“Induction allows us to generalize a phenomenon, even if it is observed only once. This logic, despite being so fundamentally human, is foreign to engineers and scientists trained in Cartesian epistemology. This explains a number of confusions that interfere with the understanding of Big Data. Some see induction as a form of statistics and mistake the search for singularity with a more refined segmentation of elements that are obtained statistically. Some even speak of intuition when describing induction.
In all of these cases, the confusion stems from a desire to compare different principles in identical fields. In fact there are areas where deduction is quite efficient and others where induction is required. It would be completely pointless to try and apply induction where deduction is effective and relevant… The opposite is also true. These two tools cannot be compared and in a sense, they aren’t even competitors. True wisdom is knowing about when to use the right tool in the right circumstances.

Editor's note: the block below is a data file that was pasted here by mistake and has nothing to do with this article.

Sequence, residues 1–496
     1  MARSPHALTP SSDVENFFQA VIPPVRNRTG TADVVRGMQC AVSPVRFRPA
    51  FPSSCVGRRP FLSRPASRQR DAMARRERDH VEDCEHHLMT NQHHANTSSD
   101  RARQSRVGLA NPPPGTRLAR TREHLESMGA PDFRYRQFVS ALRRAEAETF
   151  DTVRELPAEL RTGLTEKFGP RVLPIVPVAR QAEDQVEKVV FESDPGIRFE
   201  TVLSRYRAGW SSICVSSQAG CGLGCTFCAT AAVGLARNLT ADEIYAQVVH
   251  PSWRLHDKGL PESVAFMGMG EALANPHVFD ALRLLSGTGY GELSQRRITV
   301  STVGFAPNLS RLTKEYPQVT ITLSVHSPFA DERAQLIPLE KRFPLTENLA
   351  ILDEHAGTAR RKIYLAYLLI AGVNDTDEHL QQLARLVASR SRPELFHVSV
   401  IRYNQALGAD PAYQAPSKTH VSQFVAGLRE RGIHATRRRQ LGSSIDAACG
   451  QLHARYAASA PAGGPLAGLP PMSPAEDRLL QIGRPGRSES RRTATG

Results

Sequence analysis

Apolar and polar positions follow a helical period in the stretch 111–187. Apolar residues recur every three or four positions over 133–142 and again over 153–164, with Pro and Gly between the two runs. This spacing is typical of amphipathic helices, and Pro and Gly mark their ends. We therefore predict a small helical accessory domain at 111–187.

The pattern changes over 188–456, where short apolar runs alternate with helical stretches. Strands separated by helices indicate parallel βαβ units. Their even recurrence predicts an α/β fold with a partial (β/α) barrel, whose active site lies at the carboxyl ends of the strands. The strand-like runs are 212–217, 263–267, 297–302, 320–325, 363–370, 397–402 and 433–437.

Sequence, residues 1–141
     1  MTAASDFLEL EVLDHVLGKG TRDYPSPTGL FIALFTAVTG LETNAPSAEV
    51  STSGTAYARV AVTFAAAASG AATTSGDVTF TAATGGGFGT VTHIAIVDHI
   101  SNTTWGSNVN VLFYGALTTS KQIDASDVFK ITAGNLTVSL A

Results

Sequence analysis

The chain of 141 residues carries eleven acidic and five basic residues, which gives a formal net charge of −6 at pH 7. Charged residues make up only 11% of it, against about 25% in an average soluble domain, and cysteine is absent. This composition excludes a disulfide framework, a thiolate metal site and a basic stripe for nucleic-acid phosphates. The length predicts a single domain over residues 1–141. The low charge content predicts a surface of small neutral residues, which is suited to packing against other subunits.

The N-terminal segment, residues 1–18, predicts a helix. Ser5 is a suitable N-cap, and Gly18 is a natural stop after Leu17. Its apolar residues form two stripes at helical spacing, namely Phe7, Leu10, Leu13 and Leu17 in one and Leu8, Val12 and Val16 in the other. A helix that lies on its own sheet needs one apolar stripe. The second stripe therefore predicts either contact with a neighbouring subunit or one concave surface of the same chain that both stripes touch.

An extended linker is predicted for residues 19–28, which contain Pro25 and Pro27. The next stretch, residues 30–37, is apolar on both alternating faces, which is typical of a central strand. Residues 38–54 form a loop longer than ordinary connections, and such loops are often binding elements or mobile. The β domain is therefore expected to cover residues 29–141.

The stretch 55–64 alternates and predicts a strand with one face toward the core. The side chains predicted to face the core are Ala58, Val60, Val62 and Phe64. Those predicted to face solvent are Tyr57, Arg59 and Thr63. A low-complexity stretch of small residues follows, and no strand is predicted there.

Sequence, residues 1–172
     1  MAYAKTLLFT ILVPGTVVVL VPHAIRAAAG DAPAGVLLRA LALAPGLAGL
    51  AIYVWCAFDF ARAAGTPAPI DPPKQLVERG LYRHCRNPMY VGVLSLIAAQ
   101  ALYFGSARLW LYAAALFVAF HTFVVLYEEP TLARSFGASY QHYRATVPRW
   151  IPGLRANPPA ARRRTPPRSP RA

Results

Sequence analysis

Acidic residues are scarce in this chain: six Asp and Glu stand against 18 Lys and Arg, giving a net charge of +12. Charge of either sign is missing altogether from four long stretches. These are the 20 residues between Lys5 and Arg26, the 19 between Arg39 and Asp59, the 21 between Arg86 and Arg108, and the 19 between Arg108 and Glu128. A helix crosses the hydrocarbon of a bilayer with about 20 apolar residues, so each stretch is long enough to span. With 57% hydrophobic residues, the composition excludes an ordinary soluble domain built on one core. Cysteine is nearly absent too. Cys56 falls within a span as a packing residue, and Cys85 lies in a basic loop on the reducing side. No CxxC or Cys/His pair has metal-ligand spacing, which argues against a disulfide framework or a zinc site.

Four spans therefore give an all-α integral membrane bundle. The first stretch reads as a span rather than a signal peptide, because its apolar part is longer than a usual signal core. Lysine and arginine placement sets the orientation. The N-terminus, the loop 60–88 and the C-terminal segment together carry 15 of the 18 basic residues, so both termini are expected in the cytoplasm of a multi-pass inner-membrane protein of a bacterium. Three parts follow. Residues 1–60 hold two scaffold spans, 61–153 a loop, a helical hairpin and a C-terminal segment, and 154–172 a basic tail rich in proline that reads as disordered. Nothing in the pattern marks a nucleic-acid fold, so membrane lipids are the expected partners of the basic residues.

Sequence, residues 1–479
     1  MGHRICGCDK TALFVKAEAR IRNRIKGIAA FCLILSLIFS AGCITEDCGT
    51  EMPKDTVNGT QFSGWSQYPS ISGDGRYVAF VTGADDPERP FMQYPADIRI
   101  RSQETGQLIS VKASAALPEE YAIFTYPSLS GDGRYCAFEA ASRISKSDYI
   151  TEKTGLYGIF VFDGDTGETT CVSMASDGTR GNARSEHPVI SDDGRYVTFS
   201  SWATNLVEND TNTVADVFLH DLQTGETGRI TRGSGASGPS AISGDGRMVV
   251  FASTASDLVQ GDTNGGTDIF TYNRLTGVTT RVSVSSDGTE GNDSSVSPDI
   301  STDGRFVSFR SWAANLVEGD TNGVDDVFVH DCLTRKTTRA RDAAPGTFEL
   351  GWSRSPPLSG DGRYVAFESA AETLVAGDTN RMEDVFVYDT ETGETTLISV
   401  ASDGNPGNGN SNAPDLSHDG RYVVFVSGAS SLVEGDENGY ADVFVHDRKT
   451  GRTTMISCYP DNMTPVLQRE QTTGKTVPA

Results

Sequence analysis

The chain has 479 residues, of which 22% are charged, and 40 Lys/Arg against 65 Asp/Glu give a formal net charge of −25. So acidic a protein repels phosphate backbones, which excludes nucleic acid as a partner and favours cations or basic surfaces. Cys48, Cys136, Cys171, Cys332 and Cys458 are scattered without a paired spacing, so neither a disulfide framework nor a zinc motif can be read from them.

This duality is reflected in the temporal approach to analysis. Deduction, statistics or probability can be fueled once, with several years of data, to establish a “law” (i.e. a repeatable result). Induction, however, is a continuous technique that takes time. It is an ongoing process that will generate singularities, expand their base and measure the effectiveness of their application.
Inductive reasoning can’t be reduced to one single model. It depends on previous inductions and detected singularities. It is not repeatable. Again, it is far from Cartesian principles. Induction does not need complete and consistent parameters, since our brain will process them only partially, by concentrating on what it considers to be the critical information on the situation. On the other hand, this method will also produce errors.”